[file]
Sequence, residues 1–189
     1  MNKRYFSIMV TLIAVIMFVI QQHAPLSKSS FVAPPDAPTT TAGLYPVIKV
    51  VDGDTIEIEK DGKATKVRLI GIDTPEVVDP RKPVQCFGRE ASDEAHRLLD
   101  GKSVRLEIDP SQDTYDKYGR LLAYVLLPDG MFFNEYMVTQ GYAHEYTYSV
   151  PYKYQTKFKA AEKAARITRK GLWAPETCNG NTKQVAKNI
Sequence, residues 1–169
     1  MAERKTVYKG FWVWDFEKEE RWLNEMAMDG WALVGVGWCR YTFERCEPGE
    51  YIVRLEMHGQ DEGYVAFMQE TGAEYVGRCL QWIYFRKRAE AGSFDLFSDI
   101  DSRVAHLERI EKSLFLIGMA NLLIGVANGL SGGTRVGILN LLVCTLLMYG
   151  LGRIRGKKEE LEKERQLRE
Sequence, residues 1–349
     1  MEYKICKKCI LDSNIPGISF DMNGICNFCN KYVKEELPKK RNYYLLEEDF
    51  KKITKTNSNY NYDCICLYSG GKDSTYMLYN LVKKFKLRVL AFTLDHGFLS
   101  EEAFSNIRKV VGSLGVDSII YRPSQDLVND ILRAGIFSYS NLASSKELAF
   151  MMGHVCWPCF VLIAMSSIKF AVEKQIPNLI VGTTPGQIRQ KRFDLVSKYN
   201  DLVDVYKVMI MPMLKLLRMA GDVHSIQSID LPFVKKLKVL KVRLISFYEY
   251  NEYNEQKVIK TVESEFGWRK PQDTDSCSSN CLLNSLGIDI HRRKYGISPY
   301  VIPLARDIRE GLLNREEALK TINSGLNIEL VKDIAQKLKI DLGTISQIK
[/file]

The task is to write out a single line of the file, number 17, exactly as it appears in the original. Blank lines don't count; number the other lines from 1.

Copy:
   251  NEYNEQKVIK TVESEFGWRK PQDTDSCSSN CLLNSLGIDI HRRKYGISPY